Alaya Johnson


Alaya Dawn Johnson is an award-winning short story writer and the author of eight novels for adults and young adults. Her YA science fiction novel, The Library of Broken Worlds, was just released by Scholastic. Her most recent novel for adults, Trouble the Saints, won the 2021 World Fantasy Award for best novel. Her debut short story collection, Reconstruction, was an Ignyte Award and a Hurston/Wright Legacy Award finalist. Her debut YA novel The Summer Prince was longlisted for the National Book Award for Young People's Literature, and the follow-up Love Is the Drug was awarded the Andre Norton Nebula Award. Her short stories have appeared in many magazines and anthologies, most notably the title story in The Memory Librarian, in collaboration with Janelle Monáe. She lives in Oaxaca, Mexico.

Q: Tell us about your journey as a writer (How did you get started? What propelled you into the industry? Were there pivotal moments or key inspirations?)

I’ve been writing since I was very young, and I’ve been trying to get short stories published since high school, so I’m not sure that anything propelled me into the industry besides my own misbegotten ambition! A major moment for me was when I discovered online writers’ groups in college and was able to use peer feedback to drastically improve my writing. I went through a huge burst of creativity and entering my senior year I sold my first short stories to major magazines.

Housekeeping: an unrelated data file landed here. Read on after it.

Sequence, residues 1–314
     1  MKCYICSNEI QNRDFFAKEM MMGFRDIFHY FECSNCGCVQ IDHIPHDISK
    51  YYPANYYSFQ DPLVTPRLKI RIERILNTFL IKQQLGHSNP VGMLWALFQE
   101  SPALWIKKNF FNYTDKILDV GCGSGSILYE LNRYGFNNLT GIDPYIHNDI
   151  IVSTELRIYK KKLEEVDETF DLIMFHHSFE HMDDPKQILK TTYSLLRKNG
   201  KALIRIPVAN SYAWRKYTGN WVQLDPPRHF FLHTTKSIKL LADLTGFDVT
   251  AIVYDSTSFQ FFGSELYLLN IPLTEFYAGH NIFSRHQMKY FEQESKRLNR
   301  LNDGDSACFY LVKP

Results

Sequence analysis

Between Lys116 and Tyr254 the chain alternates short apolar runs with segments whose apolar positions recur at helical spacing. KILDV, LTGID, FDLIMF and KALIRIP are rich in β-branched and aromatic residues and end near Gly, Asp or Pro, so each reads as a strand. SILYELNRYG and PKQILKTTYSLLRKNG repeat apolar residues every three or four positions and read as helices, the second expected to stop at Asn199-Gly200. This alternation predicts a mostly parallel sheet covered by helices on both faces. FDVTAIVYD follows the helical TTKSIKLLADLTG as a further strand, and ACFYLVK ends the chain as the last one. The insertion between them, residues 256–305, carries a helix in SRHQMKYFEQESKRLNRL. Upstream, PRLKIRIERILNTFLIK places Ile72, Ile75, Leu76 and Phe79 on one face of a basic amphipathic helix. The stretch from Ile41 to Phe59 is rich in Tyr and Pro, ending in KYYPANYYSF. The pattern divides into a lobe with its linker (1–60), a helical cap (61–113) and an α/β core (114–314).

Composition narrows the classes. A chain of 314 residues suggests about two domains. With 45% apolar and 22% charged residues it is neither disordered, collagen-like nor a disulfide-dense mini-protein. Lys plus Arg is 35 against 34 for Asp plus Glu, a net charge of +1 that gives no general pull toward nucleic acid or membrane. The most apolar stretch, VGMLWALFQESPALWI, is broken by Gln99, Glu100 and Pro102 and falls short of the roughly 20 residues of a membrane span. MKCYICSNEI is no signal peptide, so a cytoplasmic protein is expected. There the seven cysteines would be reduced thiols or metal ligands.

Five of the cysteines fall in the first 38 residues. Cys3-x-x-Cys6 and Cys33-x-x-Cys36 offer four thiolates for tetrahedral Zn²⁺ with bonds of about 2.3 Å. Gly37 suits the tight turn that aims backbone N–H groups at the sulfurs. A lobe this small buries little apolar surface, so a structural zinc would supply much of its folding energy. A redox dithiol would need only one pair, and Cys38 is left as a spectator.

Q: What genre/s do you write in? What aspects of this genre or genres captivate you most?

I have always gravitated to Speculative Fiction, broadly defined: Science Fiction, Fantasy, genre-bending interstitial work, magical realism, etc. I love work that plays with the “reality” of the world as we know it in some way, and I love having the freedom to play with reality however feels good to me that day. That said, lately I’ve been particularly drawn to Science Fiction and the speculative literature of future technologies, because we are clearly at an inflection point in human history and it both frightens and inspires me to imagine the paths we might take from here.

Q: What do you write? (short stories, novels, poems, etc.)

I started my career focusing mostly on short stories, but I long ago started focusing 95% of my time on novels. I do still love short stories, though, and nothing is better than the short form for taking a sharp idea and honing it to a razor’s edge.

Q: What does your creative process look like for coming up with ideas? How do you get started? Are there specific experiences or themes that fuel your creativity?

I feel that you must treat ideas like a discipline. One of the most important parts of my writing process is when I’m not writing at all. It’s when I’m reading about something completely new to me or learning a new language or taking voice lessons or experiencing a new place. Your creativity is like a garden, and it always needs good compost and good seeds to give you interesting, delicious ideas.

Q: What is your favorite part about being a writer?

Writing is a thankless job so much of the time, but it is also filled with such joy and such discovery I wouldn’t trade it for anything. Probably my favorite part is that moment after I’ve worked out a tricky knot of character or plot and I’m feeling the story flow forward again. It’s a delightful rush.

Q: What advice do you have for aspiring authors?